Battle of the Sexes
Peace, love and plov
Wednesday, February 11, 2015
Variations on plov, a meaty, rice-based dish, are found throughout Central Asia. The word plov is the root of pilaf, its more delicate spawn. Many give Uzbekistan credit for being the birthplace of plov, but it’s been a beloved dish for centuries among many of the other “stans” in the region. More recently, it’s become a cult dish farther afield, and is very popular in Ukraine.
I learned much of what I know about plov at a dinner party, when 14 Uzbek businessmen showed up and proceeded to make the dish. The party was full of nationals from many former USSR countries, many of whom had something to say about plov.
One of the things I learned is that the preparation of plov is traditionally man’s work. A Tajik college student told me, frankly, that she thought women wouldn’t add enough meat if they were in charge of the plov.
When I asked one of the Uzbek businessmen about women and plov, he patiently folded his arms behind his back, and gave a silky response that amounted to a position that women making plov being about as likely as man making baby.
I also heard a more pragmatic theory: Women do it every day, so it gets old. When men do it, they do their best. Meanwhile, at least one of the Uzbek businessmen had his sights set beyond the gender divide entirely, likening plov making to a spiritual quest.
“First of all, if we want to make something good or tasty or best—first we ask God for help. Always when I am preparing, I ask for power and knowledge. With heat we do everything: onion, carrot, garlic, meat, rice. And we use tasteful things, like spices and pepper, so the plov becomes very tasteful.”
Beyond that, for a plov to pass an Uzbek inspection it must be prepared with melted lamb fat, preferably cut from the base of the lamb’s tail, a region called kudryuka. It should be cooked over a fire, and in a dish called a qozon.
Traditionally, lamb or mutton meat is used, though I often make deer meat plov. It can also be made with beef, although the flavor’s not as strong. The gaminess of lamb is the perfect counterbalance to the cumin, coriander and other spices that are used.
The recipe is simple and versatile enough to accommodate all manner of substitutions and creative license. Across Central Asia, plov recipes vary between different regions, and even from house to house. The recipe that follows should be considered a point of departure for the creation of your own personal plov.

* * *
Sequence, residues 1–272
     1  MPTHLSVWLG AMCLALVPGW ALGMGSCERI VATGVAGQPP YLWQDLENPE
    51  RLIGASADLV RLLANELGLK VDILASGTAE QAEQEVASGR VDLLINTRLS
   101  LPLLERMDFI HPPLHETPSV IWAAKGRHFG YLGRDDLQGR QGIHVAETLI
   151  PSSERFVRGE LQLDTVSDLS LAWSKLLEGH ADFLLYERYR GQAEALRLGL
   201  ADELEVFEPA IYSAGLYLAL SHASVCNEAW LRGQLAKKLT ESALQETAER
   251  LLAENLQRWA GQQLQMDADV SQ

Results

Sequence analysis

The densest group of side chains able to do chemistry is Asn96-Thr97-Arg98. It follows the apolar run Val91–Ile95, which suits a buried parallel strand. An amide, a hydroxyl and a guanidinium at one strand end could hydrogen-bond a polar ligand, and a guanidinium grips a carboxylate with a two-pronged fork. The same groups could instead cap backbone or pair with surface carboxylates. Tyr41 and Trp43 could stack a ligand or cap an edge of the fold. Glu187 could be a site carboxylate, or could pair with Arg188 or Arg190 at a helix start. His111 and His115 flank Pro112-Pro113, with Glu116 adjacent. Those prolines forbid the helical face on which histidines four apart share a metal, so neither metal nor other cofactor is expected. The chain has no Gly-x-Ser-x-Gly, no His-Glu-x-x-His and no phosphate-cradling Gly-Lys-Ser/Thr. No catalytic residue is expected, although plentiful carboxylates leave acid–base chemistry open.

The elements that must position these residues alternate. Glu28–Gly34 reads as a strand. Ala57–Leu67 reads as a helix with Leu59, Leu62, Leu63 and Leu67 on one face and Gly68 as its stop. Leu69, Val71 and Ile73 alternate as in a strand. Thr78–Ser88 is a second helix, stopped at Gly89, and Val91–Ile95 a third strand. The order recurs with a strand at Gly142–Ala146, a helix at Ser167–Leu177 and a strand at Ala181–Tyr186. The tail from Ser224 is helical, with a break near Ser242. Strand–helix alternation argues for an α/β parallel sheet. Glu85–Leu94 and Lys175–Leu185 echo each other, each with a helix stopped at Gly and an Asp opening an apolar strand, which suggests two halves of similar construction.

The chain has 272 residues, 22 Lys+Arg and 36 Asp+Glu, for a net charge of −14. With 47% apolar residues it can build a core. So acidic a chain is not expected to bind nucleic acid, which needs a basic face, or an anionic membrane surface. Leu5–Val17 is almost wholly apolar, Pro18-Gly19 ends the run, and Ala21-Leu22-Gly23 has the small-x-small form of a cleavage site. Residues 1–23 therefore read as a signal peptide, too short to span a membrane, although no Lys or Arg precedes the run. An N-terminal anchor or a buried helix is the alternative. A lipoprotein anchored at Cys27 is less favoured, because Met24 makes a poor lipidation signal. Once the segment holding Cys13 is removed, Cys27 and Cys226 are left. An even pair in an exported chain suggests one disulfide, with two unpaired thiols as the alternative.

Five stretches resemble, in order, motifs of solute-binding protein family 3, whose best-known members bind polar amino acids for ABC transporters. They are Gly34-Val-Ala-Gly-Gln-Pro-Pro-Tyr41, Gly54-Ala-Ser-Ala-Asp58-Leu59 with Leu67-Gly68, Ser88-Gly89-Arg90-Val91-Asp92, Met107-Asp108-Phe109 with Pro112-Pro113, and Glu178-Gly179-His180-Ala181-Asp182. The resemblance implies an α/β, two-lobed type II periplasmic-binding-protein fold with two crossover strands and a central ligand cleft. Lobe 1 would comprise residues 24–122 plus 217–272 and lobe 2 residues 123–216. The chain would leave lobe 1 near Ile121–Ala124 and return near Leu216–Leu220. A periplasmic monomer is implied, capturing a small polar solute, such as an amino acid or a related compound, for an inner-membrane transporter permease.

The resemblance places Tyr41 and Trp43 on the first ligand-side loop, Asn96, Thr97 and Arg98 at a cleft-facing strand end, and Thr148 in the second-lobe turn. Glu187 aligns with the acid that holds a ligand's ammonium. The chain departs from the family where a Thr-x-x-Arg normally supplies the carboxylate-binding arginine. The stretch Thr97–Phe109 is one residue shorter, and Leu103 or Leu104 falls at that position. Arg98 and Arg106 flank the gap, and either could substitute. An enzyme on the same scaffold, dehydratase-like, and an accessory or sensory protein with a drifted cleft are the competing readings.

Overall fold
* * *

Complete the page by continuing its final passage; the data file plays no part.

The basic idea is to fry the meat, onions, garlic, carrots and spices into a browned, greasy mix, add rice and water (or stock, ideally), and let it cook until the rice is done.
For Uzbek-style plov, begin by melting your lamb fat in a heavy-bottomed pot over medium/high temperature, using a potato purée tool to get as much liquid fat out as you can. Then fry lamb chunks in the grease. Alternatively, brown a pound (for four servings) of whatever meat you wish, cut into cubes, in the oil of your choice. Plov is also tasty enough, if less authentic, when made with olive oil or bacon grease.
When the meat is nicely browned, add an onion, sliced thinly from end to end. When the onions are soft and light brown, add the cloves of a head of garlic, chopped, and a tablespoon each of cumin and coriander, ideally freshly ground, and a teaspoon each of salt and ground black pepper. Add five coarsely grated carrots and cook for about five minutes, stirring often, until the carrots are soft.
Add two cups of rice, and about five cups of water, broth or stock (if using salt containing broth or bullion, reconsider adding salt above).
Cover, and simmer over medium heat until the rice is done. Stir frequently to make sure the plov does not stick to the bottom of the pot. Season one last time with salt and pepper and garlic powder. Depending on the type of rice, it may be necessary to add more water until the rice is fully cooked.
Let the plov sit, or “rest,” for about 15 minutes with the lid on before serving. This lets the flavors settle and come to terms with one another, and for the moisture to distribute itself evenly.
If only Russian and Ukrainian diplomats could sit at a table together around a resting plov, talking quietly as the various components come to equilibrium. It’s hard to make war against one with whom you’ve made plov. If men can make plov together, they can make peace together.
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